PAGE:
After a brief departure to complete a scroll assignment and then a scribal challenge from my Laurel to play with the Horae (Mary, Queen of Scots prayer book), I turned back to the personal blank scroll challenge I’m working on this winter/spring. After digging into the Bury Bible and Romanesque style painting, Camille had suggested I pick something with pearls. A internet search led me to the Rotschild Prayerbook was painted in Ghent or Bruges between 1505 and 1510 in the workshop of Gerard Horenbout, Simon Bening, and his father Alexander Bening. The miniatures and surrounding boarders are of the “richly varied trompe l’oeil type.” Though I don’t know the folio’s number, the page I found had an amazing, rich red background, and LOTS of pearls. Perfect.Continue reading “Personal Blank Scroll Challenge: The Rothschild Prayerbook”
Receiving this assignment was very exciting. Though I don’t know the recipient personally, I’ve seen him at events before and know he is well loved by people I care about. The Silver Crescent is an award of high merit given to people in the East Kingdom of the Society for Creative Anachronism for service. Service is super important in an organization that depends so completely on volunteers. One of the things that I love about the SCA is that service isn’t just about getting things done, but also engaging our passions in ways that makes the whole thing magical. Since art is one of the ways I offer my service to this group, it is a joy to use my gift to be part of the magic of thanking someone for giving of themselves in ways that have benefitted so many.Continue reading “Silver Crescent: Cedric of the Floppy Hat”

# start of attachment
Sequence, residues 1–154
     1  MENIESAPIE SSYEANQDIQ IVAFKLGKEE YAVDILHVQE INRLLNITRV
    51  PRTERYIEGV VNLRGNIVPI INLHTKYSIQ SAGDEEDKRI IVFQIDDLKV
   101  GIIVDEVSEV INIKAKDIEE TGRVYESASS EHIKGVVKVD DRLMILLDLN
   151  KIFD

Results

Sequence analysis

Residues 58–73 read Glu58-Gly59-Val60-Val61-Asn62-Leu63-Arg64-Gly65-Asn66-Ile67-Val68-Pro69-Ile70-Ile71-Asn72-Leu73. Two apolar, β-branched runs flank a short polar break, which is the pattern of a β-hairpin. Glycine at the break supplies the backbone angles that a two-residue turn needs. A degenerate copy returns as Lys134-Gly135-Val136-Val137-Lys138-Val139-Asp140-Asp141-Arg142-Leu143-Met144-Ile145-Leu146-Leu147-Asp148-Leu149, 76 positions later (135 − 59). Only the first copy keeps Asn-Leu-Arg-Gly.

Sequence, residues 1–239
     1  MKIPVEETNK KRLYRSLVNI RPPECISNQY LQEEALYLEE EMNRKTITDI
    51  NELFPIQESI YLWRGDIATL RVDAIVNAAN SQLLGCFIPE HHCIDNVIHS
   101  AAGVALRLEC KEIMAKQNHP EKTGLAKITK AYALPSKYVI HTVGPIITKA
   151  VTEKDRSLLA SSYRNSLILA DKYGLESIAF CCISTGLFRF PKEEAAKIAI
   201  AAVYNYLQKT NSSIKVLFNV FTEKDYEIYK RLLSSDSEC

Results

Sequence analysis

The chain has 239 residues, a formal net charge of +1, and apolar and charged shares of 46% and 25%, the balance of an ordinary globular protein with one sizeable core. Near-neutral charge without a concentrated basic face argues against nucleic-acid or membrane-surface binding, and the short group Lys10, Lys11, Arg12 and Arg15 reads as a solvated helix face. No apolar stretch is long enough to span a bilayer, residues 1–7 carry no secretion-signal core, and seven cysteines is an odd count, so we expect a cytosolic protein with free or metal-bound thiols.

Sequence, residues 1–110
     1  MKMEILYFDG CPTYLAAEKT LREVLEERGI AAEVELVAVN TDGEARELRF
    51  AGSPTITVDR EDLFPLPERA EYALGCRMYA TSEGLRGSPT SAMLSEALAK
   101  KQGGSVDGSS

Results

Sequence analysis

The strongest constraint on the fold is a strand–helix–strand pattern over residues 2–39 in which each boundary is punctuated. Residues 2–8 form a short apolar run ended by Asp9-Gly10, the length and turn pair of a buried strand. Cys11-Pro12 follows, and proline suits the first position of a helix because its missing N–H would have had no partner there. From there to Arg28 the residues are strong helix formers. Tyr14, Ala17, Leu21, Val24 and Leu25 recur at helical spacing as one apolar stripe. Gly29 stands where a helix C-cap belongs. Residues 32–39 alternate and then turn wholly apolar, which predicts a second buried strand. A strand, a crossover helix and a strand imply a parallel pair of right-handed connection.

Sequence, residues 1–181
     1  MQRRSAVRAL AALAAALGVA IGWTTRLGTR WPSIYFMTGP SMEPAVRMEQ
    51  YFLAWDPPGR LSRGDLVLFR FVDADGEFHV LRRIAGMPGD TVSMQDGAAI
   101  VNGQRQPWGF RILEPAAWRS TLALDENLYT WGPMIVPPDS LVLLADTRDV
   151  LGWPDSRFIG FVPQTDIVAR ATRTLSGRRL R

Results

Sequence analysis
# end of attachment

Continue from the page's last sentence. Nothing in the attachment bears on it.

This post is supplementary material for my article: Warding Off Plague and Other Miasma with Pomanders published in the East Kingdom Gazette, a blog which provides information for the East Kingdom of the Society for Creative Anachronism.Continue reading “Pomanders: Of What and How They are Made”
About a week ago, my scribal sister excitedly shared that she had found a digitized version of the Horae, Mary, Queen of Scots prayer book (Latin MS 21). The tiny book, measuring 68 mm by 46 mm, was made in Flanders in the late 15th century is now housed by the John Rylands Library and a digital copy is presented at the University of Manchester’s website, here. There was a lot of buzz amongst our immediate scribal family, and our Laurel invited us to pick any one flower, or bug, or bird, or motif… and paint it. I was still working on the last steps of my assignment for March’s Ethereal Court, so had to satisfy myself with pouring over the pages of the manuscript and enjoying glimpses of what was starting to emerge from each other’s desks.Continue reading “Horae (Mary, Queen of Scots) MS 21 – A Gift”